Posted on 8th January by Jo Benson, Senior Analyst, at one of our Investment Managers, Wellian Investment Solutions

The fireworks of New Year’s Eve heralded the arrival of 2016 and, as far as financial markets are concerned, those fireworks have continued well into this week.

In an action-packed few days, news from China has been met with a spectacular reaction by the markets, trumping significant geopolitical issues in the Middle East and Asia. Saudi Arabia’s execution of Shia cleric, Sheikh Nimr al-Nimr, caused a swift deterioration in relations with Iran, which resulted in a brief jump in the oil and gold prices. North Korea’s reports of nuclear tests have heightened anxiety amongst its neighbours, but China’s actions have completely overshadowed both of these situations, with markets reeling around the world.

On Thursday, trading was suspended on the Shanghai stock exchange within half an hour of the bourse opening, as traders flooded the market with sell orders. China’s “circuit breaker” rules require the exchange to suspend trading for the rest of day if the market moves up or down by more than 7% in the course of the day; and this was the second time this week the exchange had been forced to close.

The enforced cooling off period evidently did not seem to take the heat out of the selling and some commentators argued it may be making the situation worse as it gave traders time to line up a large number of sell instructions, which were placed within moments of trading commencing. An announcement followed later in the day that the “circuit breaker” rule would be suspended on Friday, which seemed to calm equity markets. Further restrictions on selling, which were announced six months ago and due to expire this week, prompted some small investors to try to get their sell orders in first. Authorities have acted to curb this with fresh restrictions coming into effect, stemming the ability of large shareholders to place redemptions. 

The effects have been felt throughout markets with investors fleeing risk assets for traditional safe havens such as the US Dollar and government bonds. In what has already been a difficult week, equity markets were down around 2-3% on average during Thursday with mining and commodity-linked stocks taking a battering, as Brent crude fell to below $33 per barrel. Sterling hit a 5-year low of $1.456 against the Dollar and also lost ground against the Euro, as investors hunkered down and a summer interest rate rise in the UK seemed more remote. Improvements in the Eurozone economy reported this week, with inflation at 0.2% and economic growth indicators gaining strength, were completely ignored and European equities were punished along with their counterparts in other parts of the globe.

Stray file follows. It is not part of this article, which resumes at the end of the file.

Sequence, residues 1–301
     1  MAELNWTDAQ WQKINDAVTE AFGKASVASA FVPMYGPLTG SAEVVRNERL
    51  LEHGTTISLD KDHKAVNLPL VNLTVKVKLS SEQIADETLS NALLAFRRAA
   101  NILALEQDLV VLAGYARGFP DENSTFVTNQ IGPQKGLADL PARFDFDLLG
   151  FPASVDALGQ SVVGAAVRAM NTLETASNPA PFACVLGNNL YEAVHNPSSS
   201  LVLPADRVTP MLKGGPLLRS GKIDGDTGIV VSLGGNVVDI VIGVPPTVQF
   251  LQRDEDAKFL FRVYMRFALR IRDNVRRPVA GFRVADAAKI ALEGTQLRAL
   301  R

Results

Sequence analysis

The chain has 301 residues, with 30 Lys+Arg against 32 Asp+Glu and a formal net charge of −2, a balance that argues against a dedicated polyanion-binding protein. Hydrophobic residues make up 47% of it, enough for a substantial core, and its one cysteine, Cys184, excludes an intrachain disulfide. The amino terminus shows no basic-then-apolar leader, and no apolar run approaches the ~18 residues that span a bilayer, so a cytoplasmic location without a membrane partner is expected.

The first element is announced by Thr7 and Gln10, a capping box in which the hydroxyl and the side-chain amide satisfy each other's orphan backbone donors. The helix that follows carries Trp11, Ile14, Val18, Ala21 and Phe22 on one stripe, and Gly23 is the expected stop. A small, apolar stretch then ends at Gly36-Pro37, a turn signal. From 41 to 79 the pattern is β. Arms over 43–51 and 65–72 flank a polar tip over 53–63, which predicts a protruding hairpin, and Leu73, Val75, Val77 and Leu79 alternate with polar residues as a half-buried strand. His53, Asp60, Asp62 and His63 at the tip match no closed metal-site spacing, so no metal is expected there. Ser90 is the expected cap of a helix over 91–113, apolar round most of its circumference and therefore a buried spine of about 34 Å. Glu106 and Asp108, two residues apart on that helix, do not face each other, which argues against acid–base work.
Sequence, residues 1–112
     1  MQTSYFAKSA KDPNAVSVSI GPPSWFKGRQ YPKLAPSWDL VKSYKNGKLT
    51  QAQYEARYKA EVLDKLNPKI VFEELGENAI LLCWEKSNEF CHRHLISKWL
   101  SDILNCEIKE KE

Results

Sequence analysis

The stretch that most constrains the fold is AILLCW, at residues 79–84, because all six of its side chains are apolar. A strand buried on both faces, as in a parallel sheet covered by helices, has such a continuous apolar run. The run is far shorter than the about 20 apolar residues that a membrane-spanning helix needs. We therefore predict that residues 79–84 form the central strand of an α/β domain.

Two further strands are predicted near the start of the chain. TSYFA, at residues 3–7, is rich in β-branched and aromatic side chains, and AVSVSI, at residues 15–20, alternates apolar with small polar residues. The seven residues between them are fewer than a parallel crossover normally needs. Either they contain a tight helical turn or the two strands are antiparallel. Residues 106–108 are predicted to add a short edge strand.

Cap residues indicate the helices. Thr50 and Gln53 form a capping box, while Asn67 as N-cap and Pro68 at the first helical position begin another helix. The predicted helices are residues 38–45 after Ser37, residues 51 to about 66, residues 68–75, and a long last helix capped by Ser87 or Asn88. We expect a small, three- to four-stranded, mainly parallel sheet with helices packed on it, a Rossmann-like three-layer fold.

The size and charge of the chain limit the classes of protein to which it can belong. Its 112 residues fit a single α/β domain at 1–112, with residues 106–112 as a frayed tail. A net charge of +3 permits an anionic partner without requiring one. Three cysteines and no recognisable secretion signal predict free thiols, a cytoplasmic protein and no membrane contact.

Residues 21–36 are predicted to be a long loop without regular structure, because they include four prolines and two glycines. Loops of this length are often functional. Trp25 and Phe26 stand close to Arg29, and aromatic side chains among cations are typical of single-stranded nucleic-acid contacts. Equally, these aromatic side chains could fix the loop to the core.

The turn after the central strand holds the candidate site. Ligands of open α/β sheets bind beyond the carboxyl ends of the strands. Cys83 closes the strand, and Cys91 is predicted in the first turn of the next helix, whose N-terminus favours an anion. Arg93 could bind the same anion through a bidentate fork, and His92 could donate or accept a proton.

The Chinese central bank lit the touch paper last Thursday as it began to devalue the Yuan. The Yuan is pegged to the US Dollar and allowed some latitude to float against the peg rate. The bank has lowered the peg over eight consecutive days so far, which should support China’s struggling manufacturing and export businesses, making their goods cheaper outside China. It has also been interpreted as an indication that problems in the Chinese economy might be more widespread, with faltering domestic demand also a possibility. China has also announced foreign exchange reserves fell by $107bn in December, the largest month-on-month drop on record, as it attempted to support the Yuan and stem the flow of money out of China. It is reported China spent an incredible $512.7bn supporting the Yuan in 2015, although it is also worth remembering reserves currently stand at $3.3trn. 

Slowing growth in China has been well-recognised in markets for some time as China’s economy matures and transitions from being a low cost manufacturing hub for the world, to an economy with increasing focus on domestic demand from its middle classes. In our view the panic has been caused by surprise and uncertainty around 1. the strength of China’s domestic economy, which would have ongoing implications for commodity and oil demand levels; and 2. the devaluation of the Yuan, which increases the pressure on other Asian countries to follow suit. The situation has undoubtedly been compounded by China’s famously tight-lipped stance. Unlike almost any other nation, actions are not accompanied by any form of comment or explanation and a lack of transparency adds to this, leaving investors to fear the worst. We may see further announcements today, but as the situation currently stands, we anticipate significant volatility could persist well into next week.


This commentary was written by Jo Benson, Senior Analyst, at one of our Investment Managers, Wellian Investment Solutions